It is okay to be happy about a memory because it’s only a moment in time. I push forward toward the staircase, bypassing the LEGO Store and heading toward the future. I am slowly learning to grow through the memories that randomly pop up. Without those situations, I wouldn’t be who I am now. His presence in my life wasn’t by mistake. He existed to make me better, and I left to meet myself again. He was only a chapter in my life, not my whole story. I am done hating myself for remembering my past; instead, I choose to be thankful.
- Chapter 11, Where Will We Go?
This was the heartbreak that created the realness in Will You Love Me Again? and continues to pierce my heart in Where Will We Go? which is how David Lee came to life so many years ago.
Before this guy came into my life, I was creating characters and stories based on other peoples' relationships because I had never really had any of my own. Unless you count those two short-lived boyfriends in high school, but no one except me seems to count those guys. They impacted my life, yes. But college is where heartbreak was shown in a new light to me. One that damaged me to my core. This cut was so deep that it took years for me to recover who I was before that time in my life. I didn't recognize the girl in the mirror for a long time even though she was there waiting for me to get better. My heart was in a million pieces and my view of myself was in a trillion. He broke everything in me and then threw me away like last night's whiskey. I was just another girl who clinged too hard to the idea of loving him, the hope of being his everything one day. Just another face in the crowd of a million to him.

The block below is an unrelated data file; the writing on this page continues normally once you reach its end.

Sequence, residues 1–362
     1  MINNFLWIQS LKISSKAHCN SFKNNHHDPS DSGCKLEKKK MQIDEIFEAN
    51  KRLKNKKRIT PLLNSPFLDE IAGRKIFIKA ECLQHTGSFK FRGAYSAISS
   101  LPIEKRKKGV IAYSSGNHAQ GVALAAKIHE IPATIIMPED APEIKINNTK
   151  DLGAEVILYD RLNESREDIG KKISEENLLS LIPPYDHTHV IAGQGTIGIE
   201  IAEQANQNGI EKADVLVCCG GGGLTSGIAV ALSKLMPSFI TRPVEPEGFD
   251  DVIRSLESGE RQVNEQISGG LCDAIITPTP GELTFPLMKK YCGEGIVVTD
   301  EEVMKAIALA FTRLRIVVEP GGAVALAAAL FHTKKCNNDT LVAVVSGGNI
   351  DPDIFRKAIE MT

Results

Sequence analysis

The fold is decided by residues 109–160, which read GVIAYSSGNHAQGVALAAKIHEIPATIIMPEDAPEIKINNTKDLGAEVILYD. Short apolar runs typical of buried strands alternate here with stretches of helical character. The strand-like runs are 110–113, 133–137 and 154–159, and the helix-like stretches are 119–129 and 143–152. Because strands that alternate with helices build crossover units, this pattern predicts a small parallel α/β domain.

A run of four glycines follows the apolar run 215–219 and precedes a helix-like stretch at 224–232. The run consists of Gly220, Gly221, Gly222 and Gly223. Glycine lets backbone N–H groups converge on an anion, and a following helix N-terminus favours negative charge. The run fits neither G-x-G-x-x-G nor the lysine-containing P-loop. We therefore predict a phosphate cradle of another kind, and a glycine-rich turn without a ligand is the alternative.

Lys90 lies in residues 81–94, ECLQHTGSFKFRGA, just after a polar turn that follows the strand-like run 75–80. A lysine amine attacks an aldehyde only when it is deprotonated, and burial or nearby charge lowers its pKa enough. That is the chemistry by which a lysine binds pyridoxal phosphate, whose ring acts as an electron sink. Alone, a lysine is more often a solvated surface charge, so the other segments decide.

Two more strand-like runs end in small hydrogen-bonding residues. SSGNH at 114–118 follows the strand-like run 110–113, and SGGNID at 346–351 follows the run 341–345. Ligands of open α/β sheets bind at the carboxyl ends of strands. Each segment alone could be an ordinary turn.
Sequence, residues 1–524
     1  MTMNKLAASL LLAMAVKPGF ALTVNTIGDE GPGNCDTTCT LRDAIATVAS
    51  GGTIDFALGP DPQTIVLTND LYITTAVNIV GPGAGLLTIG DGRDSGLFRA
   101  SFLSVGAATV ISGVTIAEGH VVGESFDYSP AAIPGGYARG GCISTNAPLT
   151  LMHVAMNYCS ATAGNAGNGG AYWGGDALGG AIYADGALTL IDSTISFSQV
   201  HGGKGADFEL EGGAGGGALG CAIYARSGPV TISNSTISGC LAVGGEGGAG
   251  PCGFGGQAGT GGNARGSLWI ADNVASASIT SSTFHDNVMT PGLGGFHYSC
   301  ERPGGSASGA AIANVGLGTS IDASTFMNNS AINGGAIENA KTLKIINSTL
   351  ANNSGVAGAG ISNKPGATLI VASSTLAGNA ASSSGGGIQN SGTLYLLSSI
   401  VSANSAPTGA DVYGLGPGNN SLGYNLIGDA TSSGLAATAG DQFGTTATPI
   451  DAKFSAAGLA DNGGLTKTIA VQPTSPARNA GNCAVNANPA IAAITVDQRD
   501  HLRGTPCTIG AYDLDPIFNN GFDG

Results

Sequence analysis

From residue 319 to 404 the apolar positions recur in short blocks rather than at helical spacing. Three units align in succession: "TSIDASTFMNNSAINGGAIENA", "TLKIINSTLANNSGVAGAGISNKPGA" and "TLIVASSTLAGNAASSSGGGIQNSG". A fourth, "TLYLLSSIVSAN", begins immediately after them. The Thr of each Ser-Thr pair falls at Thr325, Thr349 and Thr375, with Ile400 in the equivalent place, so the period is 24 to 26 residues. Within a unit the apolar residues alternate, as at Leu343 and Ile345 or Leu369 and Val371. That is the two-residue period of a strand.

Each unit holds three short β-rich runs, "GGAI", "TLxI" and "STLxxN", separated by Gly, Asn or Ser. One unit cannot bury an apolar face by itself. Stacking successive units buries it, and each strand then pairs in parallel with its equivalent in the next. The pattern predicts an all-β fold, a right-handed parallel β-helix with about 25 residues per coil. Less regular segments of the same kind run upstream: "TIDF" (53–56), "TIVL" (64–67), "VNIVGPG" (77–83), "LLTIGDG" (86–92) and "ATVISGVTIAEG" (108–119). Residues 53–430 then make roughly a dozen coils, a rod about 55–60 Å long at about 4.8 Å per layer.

I let that brokenness consume me from 22 - 24 years old. Two whole years of personal torment. Instead of letting him continue winning, I threw every characteristic and hurt from our brief relationship into David Lee's character in Will You Love Me Again? and when I needed a little more for Where Will We Go? I dug into my memories yet again. I forced myself to shine a light on my past and move past it. That's why this partial memory made it into my book; I didn't hold back either. I dove headfirst into my heartbreak and I haven't looked back since.
In this article series, I share excerpts and stories from my book, Where Will We Go? I hope you enjoyed this post — if you enjoyed it and want to connect you can reach me here via email: firstname.lastname@example.org or connect with me on social: Facebook, Instagram, Twitter, and LinkedIn. Also, you can also find my book on Amazon.